“The Well-being of Future Generations Act gives us the ambition, permission and legal obligation to improve our social, cultural, environmental and economic well-being.” – Office of Future Generations Commissioner for Wales

The Localism Act 2011

The Localism Act 2011 (c. 20) is an Act of Parliament that changes the powers of local government in England. The measures affected by the Act include more powers for local communities, elected mayors, referendums and the “Local authority’s general power of competence” which means that “A local authority has power to do anything that individuals generally may do”.

Specifically for communities the Localism Act gives community groups, parish councils and local authority employees the right to express an interest in taking over the running of a local authority service. The local authority must consider and respond to this challenge; and where it accepts it, run a procurement exercise for the service in which the challenging organisation can bid. This makes it easier for local groups with good ideas to put them forward and drive improvement in local services.

“To make provision about the functions and procedures of local and certain other authorities; to make provision about the functions of the Local Commission for Administration in England; to enable the recovery of financial sanctions imposed by the Court of Justice of the European Union on the United Kingdom from local and public authorities; to make provision about local government finance; to make provision about town and country planning, the Community Infrastructure Levy and the authorisation of nationally significant infrastructure projects; to make provision about social and other housing; to make provision about regeneration in London; and for connected purposes.”

EU Directive 92/50/EEC (Horizontal Policies for Procurement)

The creation of a common market for public-sector procurement and construction contracts was unlikely to come about entirely as a result of the obligations Member States had undertaken in the Treaties to remove restrictions on foreign goods, services and businesses. It was still likely to be frustrated by differences in national regulations.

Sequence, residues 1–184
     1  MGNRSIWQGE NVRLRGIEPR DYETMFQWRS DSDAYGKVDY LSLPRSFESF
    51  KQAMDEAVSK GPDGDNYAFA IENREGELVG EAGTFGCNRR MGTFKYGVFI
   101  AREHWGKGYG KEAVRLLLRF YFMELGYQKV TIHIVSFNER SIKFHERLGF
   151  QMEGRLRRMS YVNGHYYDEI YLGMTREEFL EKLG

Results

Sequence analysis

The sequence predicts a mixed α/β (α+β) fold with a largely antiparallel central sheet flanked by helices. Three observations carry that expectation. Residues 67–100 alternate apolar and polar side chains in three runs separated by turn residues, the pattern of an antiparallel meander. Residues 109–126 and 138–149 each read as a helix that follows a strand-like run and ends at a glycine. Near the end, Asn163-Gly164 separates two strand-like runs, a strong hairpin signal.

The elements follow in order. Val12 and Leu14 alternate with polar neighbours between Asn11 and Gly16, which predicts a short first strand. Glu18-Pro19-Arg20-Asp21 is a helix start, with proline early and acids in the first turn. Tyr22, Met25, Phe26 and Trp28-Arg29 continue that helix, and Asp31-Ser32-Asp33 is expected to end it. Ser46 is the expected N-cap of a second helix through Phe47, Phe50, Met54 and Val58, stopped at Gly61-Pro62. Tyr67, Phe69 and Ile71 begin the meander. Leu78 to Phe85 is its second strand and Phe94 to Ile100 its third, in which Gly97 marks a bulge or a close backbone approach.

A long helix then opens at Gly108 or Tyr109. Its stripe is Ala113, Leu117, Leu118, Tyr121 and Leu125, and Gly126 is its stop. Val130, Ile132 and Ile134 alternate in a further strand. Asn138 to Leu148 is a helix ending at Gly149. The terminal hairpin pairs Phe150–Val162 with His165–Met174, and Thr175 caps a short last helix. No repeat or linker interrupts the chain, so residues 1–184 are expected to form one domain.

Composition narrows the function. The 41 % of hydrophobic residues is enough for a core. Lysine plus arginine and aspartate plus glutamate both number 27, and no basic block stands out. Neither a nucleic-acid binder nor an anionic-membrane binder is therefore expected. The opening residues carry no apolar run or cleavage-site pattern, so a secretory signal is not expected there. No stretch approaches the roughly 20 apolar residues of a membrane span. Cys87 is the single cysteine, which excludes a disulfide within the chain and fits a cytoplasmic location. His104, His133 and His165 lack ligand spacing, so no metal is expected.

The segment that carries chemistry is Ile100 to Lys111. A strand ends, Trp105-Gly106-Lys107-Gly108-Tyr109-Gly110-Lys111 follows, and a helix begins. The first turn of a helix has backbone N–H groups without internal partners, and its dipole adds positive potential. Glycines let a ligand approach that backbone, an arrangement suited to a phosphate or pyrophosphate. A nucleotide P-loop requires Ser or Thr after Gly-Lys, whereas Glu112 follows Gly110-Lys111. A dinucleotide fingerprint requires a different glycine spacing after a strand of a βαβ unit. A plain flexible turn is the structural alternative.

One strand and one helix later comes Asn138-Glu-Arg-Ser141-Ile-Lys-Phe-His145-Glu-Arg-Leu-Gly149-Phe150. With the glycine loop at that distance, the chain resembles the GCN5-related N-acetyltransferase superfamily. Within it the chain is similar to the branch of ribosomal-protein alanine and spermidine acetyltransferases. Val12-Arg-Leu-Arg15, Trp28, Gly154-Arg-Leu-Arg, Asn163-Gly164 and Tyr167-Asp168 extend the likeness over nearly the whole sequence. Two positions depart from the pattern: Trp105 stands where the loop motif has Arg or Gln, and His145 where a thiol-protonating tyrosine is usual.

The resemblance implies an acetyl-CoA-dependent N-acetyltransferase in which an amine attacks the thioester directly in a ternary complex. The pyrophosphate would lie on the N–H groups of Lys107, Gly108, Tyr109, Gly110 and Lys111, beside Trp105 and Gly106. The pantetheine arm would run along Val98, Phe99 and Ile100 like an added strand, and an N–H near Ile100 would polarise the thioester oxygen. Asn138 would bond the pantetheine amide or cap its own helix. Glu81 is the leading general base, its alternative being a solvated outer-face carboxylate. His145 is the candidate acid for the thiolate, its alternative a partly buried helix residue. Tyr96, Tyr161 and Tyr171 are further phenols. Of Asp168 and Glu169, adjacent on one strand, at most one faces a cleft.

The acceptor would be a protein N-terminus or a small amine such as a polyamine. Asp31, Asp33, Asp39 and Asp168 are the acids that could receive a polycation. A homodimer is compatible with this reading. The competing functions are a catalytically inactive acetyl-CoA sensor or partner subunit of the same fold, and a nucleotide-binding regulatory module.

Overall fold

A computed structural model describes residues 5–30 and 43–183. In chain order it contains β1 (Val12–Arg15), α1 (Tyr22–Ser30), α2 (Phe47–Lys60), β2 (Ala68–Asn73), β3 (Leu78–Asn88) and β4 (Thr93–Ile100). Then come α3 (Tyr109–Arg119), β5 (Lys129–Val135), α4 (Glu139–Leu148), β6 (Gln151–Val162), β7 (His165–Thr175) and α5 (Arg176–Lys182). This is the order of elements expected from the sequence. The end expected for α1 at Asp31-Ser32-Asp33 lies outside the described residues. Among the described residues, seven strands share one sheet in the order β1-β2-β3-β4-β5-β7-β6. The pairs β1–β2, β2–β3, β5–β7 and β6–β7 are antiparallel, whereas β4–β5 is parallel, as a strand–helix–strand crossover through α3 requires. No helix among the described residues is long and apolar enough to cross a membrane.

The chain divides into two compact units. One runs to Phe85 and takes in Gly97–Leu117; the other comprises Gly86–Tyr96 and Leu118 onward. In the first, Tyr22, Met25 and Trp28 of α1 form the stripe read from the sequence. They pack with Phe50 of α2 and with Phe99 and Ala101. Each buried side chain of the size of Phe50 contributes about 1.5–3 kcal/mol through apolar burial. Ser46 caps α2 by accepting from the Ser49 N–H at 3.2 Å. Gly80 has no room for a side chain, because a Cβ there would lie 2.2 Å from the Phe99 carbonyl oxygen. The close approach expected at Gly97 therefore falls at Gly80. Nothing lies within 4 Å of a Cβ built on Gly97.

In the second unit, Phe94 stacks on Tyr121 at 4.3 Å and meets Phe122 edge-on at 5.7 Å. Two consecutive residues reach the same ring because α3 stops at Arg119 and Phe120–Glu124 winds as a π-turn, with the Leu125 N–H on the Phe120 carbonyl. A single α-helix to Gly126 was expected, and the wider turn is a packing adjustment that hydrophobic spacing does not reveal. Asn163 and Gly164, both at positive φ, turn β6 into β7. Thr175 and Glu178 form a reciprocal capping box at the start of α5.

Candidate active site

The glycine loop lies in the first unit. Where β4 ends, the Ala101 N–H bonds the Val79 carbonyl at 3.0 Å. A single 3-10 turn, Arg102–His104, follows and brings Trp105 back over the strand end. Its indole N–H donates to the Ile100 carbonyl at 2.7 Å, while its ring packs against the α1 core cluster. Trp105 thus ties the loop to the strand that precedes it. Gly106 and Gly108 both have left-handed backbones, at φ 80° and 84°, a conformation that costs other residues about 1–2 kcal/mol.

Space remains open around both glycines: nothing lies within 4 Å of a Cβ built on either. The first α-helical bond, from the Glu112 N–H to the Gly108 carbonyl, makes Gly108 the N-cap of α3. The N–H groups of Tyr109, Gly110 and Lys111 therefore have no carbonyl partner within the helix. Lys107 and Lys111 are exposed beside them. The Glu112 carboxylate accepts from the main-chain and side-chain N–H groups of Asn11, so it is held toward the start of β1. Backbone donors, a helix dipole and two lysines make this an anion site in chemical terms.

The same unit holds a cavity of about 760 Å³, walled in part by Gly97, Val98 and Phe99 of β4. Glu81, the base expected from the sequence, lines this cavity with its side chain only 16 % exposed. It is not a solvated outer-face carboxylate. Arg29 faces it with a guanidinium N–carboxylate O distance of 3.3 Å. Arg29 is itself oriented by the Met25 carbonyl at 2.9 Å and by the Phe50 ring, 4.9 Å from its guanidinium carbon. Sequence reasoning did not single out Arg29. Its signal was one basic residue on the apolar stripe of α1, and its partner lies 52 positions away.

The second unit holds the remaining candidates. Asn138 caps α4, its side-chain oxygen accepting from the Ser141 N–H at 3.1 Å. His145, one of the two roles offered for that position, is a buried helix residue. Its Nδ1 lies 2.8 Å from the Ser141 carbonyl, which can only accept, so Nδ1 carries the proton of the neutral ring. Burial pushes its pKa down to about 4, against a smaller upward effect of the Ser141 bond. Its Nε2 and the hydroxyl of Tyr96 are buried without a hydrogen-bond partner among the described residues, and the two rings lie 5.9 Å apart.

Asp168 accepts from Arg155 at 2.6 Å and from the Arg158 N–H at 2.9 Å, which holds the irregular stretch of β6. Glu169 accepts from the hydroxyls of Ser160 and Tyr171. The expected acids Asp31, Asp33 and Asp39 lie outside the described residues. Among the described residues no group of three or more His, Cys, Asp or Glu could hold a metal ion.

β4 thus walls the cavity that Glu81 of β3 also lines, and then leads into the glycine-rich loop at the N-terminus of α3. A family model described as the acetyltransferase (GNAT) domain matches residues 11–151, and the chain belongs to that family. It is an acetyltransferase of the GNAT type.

Community legislation was necessary to make sure that government contracts were open to all nationalities on equal terms and to make tendering procedures more transparent so that compliance with the principles laid down in the Treaties could be monitored and enforced.

Therefore, to back up the prohibition of import restrictions resulting from discriminatory public purchasing and to make it easier for resident and non-resident foreign firms to compete for public-sector contracts, the Council issued directives to coordinate procurement procedures in all public-sector procurement subject to the Treaties.

The public procurement directives are based on three main principles:

Community-wide advertising of contracts so that firms in all Member States have an opportunity of bidding for them.

The banning of technical specifications liable to discriminate against potential foreign bidders.

Application of objective criteria in tendering and award procedures.

The latter principle is ensured by the following requirements:

Contracts are to be put out to open tender (open to all interested parties) or restricted tender (open only to selected candidates), at the choice of the authority placing the contract. Authorities may have recourse to negotiated tendering only in specified exceptional circumstances.

Interested parties may only be excluded from participating (in restricted or negotiated tenders) or from final selection (in open, restricted or negotiated tenders) on certain specified qualitative criteria.

Contracts may be awarded only on economic or technical criteria, namely either the lowest price or the economically most advantageous tender overall.

National TOMs supporting legislation

The National TOMS is a framework for measuring social value which is closely aligned to legislative requirements.
Read more about the National TOMs or try out the framework through our Portal.